Iceland – a country most famous for its wondrous natural beauty, unique culture and quality of life – attracts millions of tourists to its dramatic landscape year upon year. But aside from the splendour and allure of its monstrous glaciers, bubbling volcanoes, world-leading gender equality stance, and environmentally-friendly reputation – there’s something else which has put the country on the map.
Iceland’s qualification for the 2016 UEFA European Championships made them the smallest nation, by population (less than 340,000), to ever compete at a major international men’s soccer tournament. Quite remarkably, they reached the quarter-finals of the competition, sending shockwaves around the world.
It was a remarkable feat which was also achieved by the women’s squad during the 2013 UEFA Women’s European Championships in Sweden – where they reached the quarter-finals of the tournament – emulating the performance of the women’s team back in 1995.
But Icelandic soccer has not rested on its laurels. 2017 saw the men’s team qualify for the 2018 World Cup in Russia – marking the first-ever appearance for an Icelandic national team at a World Cup – while 2016 witnessed the women’s team qualify for the 2017 European Championships.
More notable, perhaps, was both the manner in which the men’s team secured their place in Russia – topping the qualifying group ahead of eventual finalists, Croatia – and the women’s team’s record-breaking World Cup qualifier victory over the dominant Germany, who hadn’t lost a qualifying match for almost 20 years.
The result of the national teams’ success? An unwavering popularity for soccer in Iceland. More people want to play. More people want to watch. In turn, local soccer clubs are attracting more players and spectators, and clubs are growing.
With growth, comes the desire for progression, and with progression comes the requirement for high-quality players – and that’s where PSC’s relationships with Icelandic clubs have developed. 12 PSC combine and tour players have signed with Icelandic sides in recent years, with a number of other individuals having trialled with clubs in the country.
Among the host of players who have tasted success in Iceland is 2013 Jacksonville combine attendee Jonathan Glenn. The 31-year-old Trinidadian has top-scored with three different premier division clubs in as many seasons since PSC recommended his services to top-tier outfit IBV, as well as spending one campaign with NASL and USL sides Jacksonville Armada and North Carolina, respectively.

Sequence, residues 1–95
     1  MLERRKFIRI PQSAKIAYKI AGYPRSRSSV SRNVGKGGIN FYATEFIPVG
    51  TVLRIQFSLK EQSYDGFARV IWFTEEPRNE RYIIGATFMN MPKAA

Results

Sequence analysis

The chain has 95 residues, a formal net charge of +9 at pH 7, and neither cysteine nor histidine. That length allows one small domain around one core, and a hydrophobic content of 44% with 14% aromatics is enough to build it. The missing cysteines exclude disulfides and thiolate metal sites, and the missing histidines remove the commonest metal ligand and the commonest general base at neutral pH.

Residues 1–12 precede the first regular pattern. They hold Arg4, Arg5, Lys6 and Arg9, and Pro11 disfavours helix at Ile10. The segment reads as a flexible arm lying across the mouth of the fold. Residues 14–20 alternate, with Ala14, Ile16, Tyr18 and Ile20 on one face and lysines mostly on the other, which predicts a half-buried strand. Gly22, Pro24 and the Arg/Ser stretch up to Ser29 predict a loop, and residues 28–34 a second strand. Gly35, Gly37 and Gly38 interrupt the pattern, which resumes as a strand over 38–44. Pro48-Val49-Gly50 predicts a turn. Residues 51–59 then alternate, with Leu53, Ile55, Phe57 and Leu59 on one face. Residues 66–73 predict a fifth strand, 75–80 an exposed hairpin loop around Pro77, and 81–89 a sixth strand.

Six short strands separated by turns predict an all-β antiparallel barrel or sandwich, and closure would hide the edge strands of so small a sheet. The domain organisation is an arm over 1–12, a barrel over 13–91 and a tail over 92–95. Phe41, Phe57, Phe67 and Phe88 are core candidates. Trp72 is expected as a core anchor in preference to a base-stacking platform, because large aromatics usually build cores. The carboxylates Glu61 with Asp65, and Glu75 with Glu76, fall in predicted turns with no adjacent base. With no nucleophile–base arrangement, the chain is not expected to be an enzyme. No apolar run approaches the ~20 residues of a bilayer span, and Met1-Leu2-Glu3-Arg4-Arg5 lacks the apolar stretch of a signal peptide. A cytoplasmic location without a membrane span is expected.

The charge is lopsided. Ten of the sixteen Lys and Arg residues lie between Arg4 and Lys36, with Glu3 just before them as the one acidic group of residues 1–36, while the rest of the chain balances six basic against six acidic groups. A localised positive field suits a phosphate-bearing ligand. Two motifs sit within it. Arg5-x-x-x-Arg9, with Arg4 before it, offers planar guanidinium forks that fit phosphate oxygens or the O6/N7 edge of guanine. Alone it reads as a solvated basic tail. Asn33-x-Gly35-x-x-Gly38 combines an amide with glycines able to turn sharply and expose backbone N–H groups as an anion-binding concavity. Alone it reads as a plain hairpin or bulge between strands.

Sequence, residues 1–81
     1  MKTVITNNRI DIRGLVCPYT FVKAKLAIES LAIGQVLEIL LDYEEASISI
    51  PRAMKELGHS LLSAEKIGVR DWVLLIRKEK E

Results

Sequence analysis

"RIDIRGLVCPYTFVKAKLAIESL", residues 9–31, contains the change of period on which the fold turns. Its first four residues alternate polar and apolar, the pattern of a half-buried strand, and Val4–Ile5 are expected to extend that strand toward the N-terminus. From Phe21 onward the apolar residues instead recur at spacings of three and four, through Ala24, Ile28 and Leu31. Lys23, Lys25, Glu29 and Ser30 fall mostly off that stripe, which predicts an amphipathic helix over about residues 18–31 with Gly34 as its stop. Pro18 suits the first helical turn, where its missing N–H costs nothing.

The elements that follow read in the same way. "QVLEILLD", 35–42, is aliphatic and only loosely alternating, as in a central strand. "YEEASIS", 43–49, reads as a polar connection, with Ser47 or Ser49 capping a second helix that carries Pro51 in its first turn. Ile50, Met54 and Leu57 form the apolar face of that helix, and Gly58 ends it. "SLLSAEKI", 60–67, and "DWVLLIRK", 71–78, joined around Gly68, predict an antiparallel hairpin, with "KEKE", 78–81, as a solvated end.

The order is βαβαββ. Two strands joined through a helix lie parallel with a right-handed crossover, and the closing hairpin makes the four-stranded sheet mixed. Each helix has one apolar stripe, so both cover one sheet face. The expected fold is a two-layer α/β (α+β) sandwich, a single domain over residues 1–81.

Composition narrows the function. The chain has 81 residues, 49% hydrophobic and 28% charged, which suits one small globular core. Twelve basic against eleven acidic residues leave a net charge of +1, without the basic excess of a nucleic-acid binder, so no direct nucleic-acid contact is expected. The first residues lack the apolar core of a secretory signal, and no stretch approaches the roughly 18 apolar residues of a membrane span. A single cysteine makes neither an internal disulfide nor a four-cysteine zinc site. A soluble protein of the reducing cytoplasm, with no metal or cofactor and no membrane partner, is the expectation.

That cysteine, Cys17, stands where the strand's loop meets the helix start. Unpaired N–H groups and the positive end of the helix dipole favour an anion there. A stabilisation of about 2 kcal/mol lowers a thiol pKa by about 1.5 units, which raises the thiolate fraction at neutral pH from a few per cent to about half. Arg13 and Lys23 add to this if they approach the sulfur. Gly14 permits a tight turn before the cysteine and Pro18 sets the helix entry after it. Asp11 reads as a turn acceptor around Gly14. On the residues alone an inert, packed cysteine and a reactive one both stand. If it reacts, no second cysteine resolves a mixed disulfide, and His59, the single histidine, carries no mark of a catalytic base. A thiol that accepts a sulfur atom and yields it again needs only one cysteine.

Indeed, Glenn’s decision to cross the Atlantic towards Iceland and live out his dream as a professional has brought about some other significant changes – including a call-up to represent his national soccer team, Trinidad & Tobago, and meeting the woman who would later become his wife.
Life on the Nordic island has been kind to Glenn – but not without a hard-working attitude and a consistency of repaying his clubs’ investments with goals and top-quality performances. His third top-scoring season in the Icelandic top-tier played a significant part in saving his current club, Fylkir, from relegation, and representatives from Fylkir’s male and female teams will be in attendance during PSC’s upcoming winter combines – in search of players who can bring the same sort of influence which Glenn has provided since signing for the Reykjavík-based side.
“I would say the main reason behind my success is being adaptable, without forgetting that my job is to score goals,” said Glenn, when reflecting on his playing experiences in Iceland.
“I am a goal-orientated person – so setting aims before the season begins really helps me throughout the year. Having the confidence to execute those goals is also vital.
“We started this season well, but our form dropped off midway through the campaign. Towards the end of the season we pulled together as a team, and in the end that was what kept us in the top division.”
And Glenn revealed the differences between life in the States and Iceland, both on and off the field.
“You’re always going to get differences on the pitch. Every coach, no matter what country you’re in, is going to have their own philosophy and style of play. Each team I’ve played for provided a different experience – so it comes back to being able to adapt to what the coach wants, and your role in the team.
“In terms of differences off the pitch, I would say – as with many countries – life can differ between the summer and the winter. Obviously the summer is my favourite time of the year in Iceland – the football season is during this period and the nature is very beautiful,” Glenn concluded.
Fylkir will be attending our upcoming winter combines, along with two other Icelandic clubs and a host of other sides. If you would like to follow in the footsteps of Jonathan and live your dream as a professional soccer player, visit our Upcoming Events page for more information on our winter combine events.
This article was written by Joe Angove – a sports journalist currently working with PSC. Joe’s work has been published and broadcasted by The Independent, the BBC, Goal.com and Plymouth Argyle FC, among other news outlets and sports clubs.